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Published on 24/2/2012 & updated on Wednesday 27th of June 2018 at 06:10:11 PM
This is a physical property associated with antiferroelectric materials. Actually, these are materials having ions which can polarize without external field (spontaneous polarization). As a result, dipoles are ordered or arranged with alternating orientation. That is, adjacent lines will be in anti parallel direction. Electric field causes phase transition in these materials. This phase transition cause large pattern strain and energy change. Antiferroelectricity is highly linked to ferroelectricity. They are contrast with each other. So we have to know that ferroelectricity is also a physical property which polarizes quickly. By varying the direction of the field applied we can invert the direction of polarization. So, the difference is the direction of dipoles after polarization. The former will align anti parallel and latter will align in the same direction. Antiferroelectric property is steady than ferroelectric property in a plain cubic pattern.

The entire macroscopic spontaneous polarization in antiferroelectric material is zero. The reason is that the closest dipoles will cancel each other. This property can emerge or vanish depending on various parameters. The parameters are external field, pressure, growth method, temperature etc. The antiferroelectric property is not piezoelectric. That is there is no change in mechanical character of the material by the application of external field. These materials usually have high dielectric constant. The dipole orientation of this material is similar to the chess board pattern which is shown below.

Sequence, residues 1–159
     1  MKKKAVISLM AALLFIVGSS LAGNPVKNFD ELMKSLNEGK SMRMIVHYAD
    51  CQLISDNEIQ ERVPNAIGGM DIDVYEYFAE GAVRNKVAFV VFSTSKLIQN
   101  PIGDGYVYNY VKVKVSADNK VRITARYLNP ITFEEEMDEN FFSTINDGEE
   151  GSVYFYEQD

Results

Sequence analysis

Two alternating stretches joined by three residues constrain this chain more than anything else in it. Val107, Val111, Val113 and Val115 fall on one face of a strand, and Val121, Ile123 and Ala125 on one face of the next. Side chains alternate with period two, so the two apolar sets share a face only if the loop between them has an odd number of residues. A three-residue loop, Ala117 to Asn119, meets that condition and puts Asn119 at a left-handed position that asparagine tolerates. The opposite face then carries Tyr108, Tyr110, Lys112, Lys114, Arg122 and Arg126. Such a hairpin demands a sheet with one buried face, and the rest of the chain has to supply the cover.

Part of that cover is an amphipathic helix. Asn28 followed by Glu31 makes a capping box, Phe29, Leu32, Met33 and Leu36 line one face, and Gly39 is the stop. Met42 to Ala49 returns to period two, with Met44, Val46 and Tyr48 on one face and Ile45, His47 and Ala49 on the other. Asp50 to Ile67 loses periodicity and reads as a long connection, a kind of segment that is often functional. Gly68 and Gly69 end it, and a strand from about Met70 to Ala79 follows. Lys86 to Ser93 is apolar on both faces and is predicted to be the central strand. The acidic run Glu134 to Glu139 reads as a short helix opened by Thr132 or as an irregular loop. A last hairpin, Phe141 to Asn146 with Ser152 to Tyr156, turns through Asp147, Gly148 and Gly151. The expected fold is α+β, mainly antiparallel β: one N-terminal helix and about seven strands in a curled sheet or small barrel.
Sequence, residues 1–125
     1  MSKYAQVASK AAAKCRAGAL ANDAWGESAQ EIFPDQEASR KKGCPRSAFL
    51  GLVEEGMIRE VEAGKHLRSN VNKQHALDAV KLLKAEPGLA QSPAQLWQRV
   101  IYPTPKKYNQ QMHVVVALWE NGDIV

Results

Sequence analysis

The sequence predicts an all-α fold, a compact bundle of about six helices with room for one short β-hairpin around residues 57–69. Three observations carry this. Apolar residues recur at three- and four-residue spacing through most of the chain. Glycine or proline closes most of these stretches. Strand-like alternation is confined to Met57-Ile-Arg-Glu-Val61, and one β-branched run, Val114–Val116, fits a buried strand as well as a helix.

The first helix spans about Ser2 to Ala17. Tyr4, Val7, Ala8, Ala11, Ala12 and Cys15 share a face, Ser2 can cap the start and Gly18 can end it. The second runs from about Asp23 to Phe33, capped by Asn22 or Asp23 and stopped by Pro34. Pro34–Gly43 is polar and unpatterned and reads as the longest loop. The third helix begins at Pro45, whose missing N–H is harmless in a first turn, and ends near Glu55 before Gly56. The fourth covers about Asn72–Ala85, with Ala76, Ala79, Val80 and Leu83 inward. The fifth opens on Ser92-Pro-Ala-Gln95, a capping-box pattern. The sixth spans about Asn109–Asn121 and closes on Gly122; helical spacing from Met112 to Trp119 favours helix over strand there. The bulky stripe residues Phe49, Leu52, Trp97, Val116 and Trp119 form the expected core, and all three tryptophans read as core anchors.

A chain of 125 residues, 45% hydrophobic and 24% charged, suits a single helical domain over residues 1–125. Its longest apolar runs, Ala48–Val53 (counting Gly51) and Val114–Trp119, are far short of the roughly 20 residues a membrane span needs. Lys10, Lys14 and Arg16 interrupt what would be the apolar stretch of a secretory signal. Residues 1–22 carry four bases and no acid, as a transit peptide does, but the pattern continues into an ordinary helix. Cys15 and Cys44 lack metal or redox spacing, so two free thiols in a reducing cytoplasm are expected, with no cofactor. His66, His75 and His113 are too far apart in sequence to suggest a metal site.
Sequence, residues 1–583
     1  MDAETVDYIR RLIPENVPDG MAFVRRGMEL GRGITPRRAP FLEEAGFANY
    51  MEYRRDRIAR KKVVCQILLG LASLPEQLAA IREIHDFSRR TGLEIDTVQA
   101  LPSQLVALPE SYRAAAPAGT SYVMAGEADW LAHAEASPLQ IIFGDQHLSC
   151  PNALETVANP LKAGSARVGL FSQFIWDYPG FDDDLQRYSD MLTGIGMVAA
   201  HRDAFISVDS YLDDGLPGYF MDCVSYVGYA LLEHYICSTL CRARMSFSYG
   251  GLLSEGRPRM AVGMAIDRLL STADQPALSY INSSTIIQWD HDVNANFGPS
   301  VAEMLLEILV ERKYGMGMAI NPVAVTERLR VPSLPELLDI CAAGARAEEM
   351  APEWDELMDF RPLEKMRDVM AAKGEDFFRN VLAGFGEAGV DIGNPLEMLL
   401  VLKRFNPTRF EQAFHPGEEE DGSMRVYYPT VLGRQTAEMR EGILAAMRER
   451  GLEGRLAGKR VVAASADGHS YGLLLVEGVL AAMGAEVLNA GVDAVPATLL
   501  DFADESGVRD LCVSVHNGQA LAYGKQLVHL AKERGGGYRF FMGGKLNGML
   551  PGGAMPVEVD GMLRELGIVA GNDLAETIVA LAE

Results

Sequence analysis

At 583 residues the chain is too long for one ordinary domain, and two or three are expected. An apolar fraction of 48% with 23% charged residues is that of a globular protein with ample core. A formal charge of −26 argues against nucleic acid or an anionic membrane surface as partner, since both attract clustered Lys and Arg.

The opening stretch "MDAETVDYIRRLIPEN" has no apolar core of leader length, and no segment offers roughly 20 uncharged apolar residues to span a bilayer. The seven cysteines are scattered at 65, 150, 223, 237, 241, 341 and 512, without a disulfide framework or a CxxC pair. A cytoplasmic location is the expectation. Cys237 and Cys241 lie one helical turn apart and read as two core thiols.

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Antiferroelectric Materials

The examples of antiferroelectric materials are as follows

Antiferroelectricity and Temperature

The antiferroelectric property will vanish above a particular temperature. This we can call as Antiferroelectric Curie point. The materials and their curie temperature are shown in Table no.1. The dielectric constant (relative permittivity) less and more than this Curie point is investigated. This is done for both first and second order transition. In the second order transition, dielectric constant is continuous all over the Curie point. In the two cases dielectric constant must not be very high.

Double Hysteresis Loop

The hysteresis loop of a perfect antiferroelectric material can be drawn as shown in Figure 2 below. The reversal of spontaneous polarization of these materials gives a double hysteresis loops. The external field applied is a low frequency AC field.

Application of Antiferroelectricity

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